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Guns of the Gods   By: (1879-1940)

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Guns of the Gods A Story of Yasmini's Youth By Talbot Mundy


Yasmini: "Set down my thoughts not yours if the tale is to be worth the pesa."

I. "Gold is where you find it." II. "Friendship's friendship and respect's respect, but duty's what I'm paid to do!" III. "Give a woman the last word always; but be sure it is a question, which you leave unanswered." IV. "The law .... is like a python after monkeys in the tree tops." V. "Most precious friend, please visit me!" VI. "Peace, Maharajah sahib! Out of anger came no wise counsel yet!" VII. "That will be the end of Gungadhura!" VIII. "They're elephants and I'm a soldier. The trouble with you is nerves, my boy!" IX. "It means, the toils are closing in on Gungadhura!" X. "Discretion is better part of secrecy!" XI. "Say: that little girl you're wanting to run off with is my wife!" XII. "Ready for anything! If I weaken, tie me on the camel! XIII. "I am a king's daughter! XIV. "Acting on instructions from Your Highness!" XV. "Me for the princess!" XVI. "And since, my Lords, in olden days " XVII. "Suppose I lock the door?" XVIII. "Be discreet, Blaine .... please be discreet!" XIX. "I am as simple as the sunlight!" XX. "Millions! Think of it! Lakhs and crores!" XXI. "The guns of the gods!" XXII. "Making one hundred exactly!" XXIII. Three amber moons in a purple sky. XXIV. A hundred guarded it. XXV. And that is the whole story.

Guns of the Gods

Out of the Ashes

Old Troy reaped rue in the womb of years For stolen Helen's sake; Till tenfold retribution rears Its wreck on embers slaked with tears That mended no heart ache. The wail of the women sold as slaves Lest Troy breed sons again Dreed o'er a desert of nameless graves, The heaps and the hills that are Trojan graves Deep runneled by the rain.

But Troy lives on. Though Helen's rape And ten year hold were vain; Though jealous gods with men conspire And Furies blast the Grecian fire; Yet Troy must rise again. Troy's daughters were a spoil and sport, Were limbs for a labor gang, Who crooned by foreign loom and mill Of Trojan loves they cherished still, Till Homer heard, and sang,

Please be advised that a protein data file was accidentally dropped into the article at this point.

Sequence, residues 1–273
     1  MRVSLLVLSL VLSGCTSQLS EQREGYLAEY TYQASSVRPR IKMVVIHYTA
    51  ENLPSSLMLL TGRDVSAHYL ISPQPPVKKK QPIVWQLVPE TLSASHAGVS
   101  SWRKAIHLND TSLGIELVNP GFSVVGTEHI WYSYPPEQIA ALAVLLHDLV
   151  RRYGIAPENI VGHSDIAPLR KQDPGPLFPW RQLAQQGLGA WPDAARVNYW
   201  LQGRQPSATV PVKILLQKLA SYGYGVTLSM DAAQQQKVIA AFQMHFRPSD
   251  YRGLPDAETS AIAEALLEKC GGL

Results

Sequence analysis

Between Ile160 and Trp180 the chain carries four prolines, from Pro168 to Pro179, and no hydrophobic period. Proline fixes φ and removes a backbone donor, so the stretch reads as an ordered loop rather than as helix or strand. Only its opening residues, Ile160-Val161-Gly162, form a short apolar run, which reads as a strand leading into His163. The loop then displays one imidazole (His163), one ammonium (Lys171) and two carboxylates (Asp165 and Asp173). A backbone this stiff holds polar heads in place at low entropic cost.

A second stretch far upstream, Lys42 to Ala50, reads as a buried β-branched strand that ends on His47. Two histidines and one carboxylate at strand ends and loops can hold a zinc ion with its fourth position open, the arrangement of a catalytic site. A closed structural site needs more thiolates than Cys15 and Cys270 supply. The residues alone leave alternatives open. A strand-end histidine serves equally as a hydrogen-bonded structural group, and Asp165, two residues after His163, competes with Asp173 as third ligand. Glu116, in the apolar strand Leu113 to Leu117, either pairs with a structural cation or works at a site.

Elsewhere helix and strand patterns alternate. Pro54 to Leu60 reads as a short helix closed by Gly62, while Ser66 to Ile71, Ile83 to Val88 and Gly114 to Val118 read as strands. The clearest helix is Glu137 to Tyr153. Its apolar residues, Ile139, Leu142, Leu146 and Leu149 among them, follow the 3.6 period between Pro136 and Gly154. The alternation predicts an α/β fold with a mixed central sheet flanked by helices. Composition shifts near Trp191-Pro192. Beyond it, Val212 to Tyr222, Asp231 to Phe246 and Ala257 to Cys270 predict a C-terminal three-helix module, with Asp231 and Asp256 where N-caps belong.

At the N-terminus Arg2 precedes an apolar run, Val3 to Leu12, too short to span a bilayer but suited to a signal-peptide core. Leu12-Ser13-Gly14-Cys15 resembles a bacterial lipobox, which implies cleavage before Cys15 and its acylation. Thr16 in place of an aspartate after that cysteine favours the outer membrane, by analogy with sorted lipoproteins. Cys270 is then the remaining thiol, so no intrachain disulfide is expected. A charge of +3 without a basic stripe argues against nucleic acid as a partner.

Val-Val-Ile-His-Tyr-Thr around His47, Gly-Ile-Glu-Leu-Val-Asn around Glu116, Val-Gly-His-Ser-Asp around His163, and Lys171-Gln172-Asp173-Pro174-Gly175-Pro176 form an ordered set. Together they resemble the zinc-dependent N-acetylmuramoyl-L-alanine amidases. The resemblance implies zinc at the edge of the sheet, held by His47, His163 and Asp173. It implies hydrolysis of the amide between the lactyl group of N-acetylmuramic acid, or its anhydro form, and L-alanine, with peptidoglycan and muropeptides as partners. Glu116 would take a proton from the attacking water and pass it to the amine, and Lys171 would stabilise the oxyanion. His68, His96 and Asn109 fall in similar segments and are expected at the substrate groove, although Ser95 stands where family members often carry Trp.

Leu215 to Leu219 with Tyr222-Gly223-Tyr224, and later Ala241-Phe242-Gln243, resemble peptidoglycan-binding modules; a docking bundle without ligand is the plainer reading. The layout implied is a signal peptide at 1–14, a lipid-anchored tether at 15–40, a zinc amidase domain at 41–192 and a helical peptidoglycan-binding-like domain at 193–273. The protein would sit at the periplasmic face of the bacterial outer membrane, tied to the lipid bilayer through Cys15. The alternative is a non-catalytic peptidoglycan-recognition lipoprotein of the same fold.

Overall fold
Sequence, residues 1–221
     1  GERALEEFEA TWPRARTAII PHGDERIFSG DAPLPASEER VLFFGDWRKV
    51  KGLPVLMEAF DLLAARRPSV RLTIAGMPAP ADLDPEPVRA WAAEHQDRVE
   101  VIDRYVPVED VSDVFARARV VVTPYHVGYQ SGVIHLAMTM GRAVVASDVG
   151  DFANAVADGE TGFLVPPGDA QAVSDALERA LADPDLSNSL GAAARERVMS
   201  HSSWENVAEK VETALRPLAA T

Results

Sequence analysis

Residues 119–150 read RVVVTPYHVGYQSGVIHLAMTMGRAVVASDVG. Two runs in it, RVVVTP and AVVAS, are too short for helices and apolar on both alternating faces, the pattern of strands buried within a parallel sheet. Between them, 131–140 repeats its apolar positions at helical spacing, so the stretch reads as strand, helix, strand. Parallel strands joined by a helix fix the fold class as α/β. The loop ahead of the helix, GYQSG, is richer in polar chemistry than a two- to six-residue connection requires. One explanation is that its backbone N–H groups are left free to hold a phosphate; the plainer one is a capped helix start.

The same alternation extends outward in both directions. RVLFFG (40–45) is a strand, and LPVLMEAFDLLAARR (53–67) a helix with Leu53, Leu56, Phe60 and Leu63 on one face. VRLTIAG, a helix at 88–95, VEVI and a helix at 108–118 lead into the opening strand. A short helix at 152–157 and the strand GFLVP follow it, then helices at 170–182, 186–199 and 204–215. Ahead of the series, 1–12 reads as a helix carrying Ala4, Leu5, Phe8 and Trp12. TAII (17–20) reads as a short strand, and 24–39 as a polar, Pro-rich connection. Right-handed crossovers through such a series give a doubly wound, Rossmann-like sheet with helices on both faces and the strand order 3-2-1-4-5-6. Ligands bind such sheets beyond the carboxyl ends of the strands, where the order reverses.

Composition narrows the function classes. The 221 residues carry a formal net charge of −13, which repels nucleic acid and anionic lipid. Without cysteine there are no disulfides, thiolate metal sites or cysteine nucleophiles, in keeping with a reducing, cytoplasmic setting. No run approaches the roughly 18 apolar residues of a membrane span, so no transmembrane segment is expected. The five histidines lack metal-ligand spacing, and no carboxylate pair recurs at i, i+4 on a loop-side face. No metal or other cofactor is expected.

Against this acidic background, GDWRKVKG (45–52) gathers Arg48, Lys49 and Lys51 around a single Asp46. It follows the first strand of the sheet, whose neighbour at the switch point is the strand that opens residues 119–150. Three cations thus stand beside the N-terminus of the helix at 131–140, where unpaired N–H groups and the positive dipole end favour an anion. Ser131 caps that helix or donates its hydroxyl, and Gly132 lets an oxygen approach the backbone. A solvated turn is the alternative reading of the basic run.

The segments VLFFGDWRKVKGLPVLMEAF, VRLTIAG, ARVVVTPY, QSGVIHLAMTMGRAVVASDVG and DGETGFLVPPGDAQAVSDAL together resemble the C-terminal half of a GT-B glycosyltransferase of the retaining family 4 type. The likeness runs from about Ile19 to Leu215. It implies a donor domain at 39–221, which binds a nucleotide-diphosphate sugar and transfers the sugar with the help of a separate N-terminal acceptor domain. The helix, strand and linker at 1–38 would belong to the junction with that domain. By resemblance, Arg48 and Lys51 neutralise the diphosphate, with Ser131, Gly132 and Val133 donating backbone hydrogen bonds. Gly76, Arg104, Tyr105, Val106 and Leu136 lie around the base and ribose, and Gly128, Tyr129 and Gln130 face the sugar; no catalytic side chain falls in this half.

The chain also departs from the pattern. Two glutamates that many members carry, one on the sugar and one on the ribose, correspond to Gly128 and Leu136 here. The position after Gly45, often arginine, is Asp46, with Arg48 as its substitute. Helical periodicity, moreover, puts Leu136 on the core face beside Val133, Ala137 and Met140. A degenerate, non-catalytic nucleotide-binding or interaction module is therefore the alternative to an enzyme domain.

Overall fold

They told, by the fire when feasters roared And minstrels waited turns, Of the might of the men that Troy adored, Of the valor in vain of the Trojan sword, With the love that slakeless burns, That caught and blazed in the minstrel mind Or ever the age of pen. So maids and a minstrel rebuilt Troy, Out of the ashes they rebuilt Troy To live in the hearts of men.


"Set down my thoughts not yours if the tale is to be worth the pesa."

The why and wherefore of my privilege to write a true account of the Princess Yasmini's early youth is a story in itself too long to tell here; but it came about through no peculiar wisdom. I fell in a sort of way in love with her, and that led to opportunity.

She never made any secret of the scorn with which she regards those who singe wings at her flame. Rather she boasts of it with limit overreaching epithets. Her respect is reserved for those rare men and women who can meet her in unfair fight and, if not defeat her, then come close to it. She asks no concessions on account of sex. Men's passions are but weapons forged for her necessity; and as for genuine love affairs, like Cleopatra, she had but two, and the second ended in disaster to herself. This tale is of the first one that succeeded, although fraught with discontent for certain others.

The second affair came close to whelming thrones, and I wrote of that in another book with an understanding due, as I have said, to opportunity, and with a measure of respect that pleased her.

She is habitually prompt and generous with her rewards, if far seeing in bestowal of them. So, during the days of her short political eclipse that followed in a palace that had housed a hundred kings, I saw her almost daily in a room her holy of holies where the gods of ancient India were depicted in three primal colors working miracles all over the walls and where, if governments had only known it, she was already again devising plans to set the world on fire... Continue reading book >>

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